We mapped the cortical representations of the abductor pollicis brevis, flexor carpi radialis, biceps and deltoid muscles in six subjects with unilateral wrist fractures, immediately after the removal of the splint. This was repeated 1 month later in three out of the six subjects. Duration of immobilization was 1 month. Muscle maps were obtained by delivering four focal magnetic pulses for each scalp position (1 cm apart with reference to Cz) over the contralateral hemisphere. Motor evoked potentials (MEPs) were averaged off-line and expressed as a percentage of the motor action potential evoked by supramaximal peripheral nerve stimulation. Volume, area and threshold of the motor maps showed no significant hemispheric differences within each muscle in 10 control subjects. In the first recording session the volume of each immobilized muscle was distinctly higher when compared to that of controls in terms of absolute value and side-to-side ratio. This finding disappeared 1 month later. Moreover, MEP amplitude difference recorded from hand muscle could be reversed during a small tonic voluntary contraction. Immobilization had no significant effect on the threshold for activation of the target muscles and on the area of the motor map. The increase in MEP amplitudes occurred without changes in spinal excitability as tested by the F wave. These findings suggest that immobilization of the upper limb induces a reversible enhancement of the excitability of structures along the corticomotoneuronal pathway. Sustained restriction of volitional movements and reduction in somatic sensory inputs might promote this functional modulation of the motor system.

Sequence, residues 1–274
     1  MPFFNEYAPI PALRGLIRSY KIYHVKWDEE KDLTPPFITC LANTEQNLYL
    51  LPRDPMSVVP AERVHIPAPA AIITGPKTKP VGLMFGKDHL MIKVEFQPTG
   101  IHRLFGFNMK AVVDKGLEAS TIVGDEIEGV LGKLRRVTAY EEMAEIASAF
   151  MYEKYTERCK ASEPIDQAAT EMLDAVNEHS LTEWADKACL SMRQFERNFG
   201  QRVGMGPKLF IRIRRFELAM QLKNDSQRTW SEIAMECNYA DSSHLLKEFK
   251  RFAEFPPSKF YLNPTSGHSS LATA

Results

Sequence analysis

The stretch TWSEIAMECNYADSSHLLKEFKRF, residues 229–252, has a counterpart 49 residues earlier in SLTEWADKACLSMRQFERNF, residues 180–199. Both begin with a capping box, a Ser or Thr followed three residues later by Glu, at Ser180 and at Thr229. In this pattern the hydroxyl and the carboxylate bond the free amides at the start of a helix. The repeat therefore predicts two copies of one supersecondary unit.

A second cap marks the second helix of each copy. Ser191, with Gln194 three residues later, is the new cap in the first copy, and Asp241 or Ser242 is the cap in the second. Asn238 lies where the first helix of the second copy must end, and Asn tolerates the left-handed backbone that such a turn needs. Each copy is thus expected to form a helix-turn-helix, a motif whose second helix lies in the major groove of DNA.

Reversible changes of motor cortical outputs following immobilization of the upper limb

MANGANOTTI, PAOLO;
1997

Abstract

We mapped the cortical representations of the abductor pollicis brevis, flexor carpi radialis, biceps and deltoid muscles in six subjects with unilateral wrist fractures, immediately after the removal of the splint. This was repeated 1 month later in three out of the six subjects. Duration of immobilization was 1 month. Muscle maps were obtained by delivering four focal magnetic pulses for each scalp position (1 cm apart with reference to Cz) over the contralateral hemisphere. Motor evoked potentials (MEPs) were averaged off-line and expressed as a percentage of the motor action potential evoked by supramaximal peripheral nerve stimulation. Volume, area and threshold of the motor maps showed no significant hemispheric differences within each muscle in 10 control subjects. In the first recording session the volume of each immobilized muscle was distinctly higher when compared to that of controls in terms of absolute value and side-to-side ratio. This finding disappeared 1 month later. Moreover, MEP amplitude difference recorded from hand muscle could be reversed during a small tonic voluntary contraction. Immobilization had no significant effect on the threshold for activation of the target muscles and on the area of the motor map. The increase in MEP amplitudes occurred without changes in spinal excitability as tested by the F wave. These findings suggest that immobilization of the upper limb induces a reversible enhancement of the excitability of structures along the corticomotoneuronal pathway. Sustained restriction of volitional movements and reduction in somatic sensory inputs might promote this functional modulation of the motor system.
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Utilizza questo identificativo per citare o creare un link a questo documento: http://hdl.handle.net/11368/2833121
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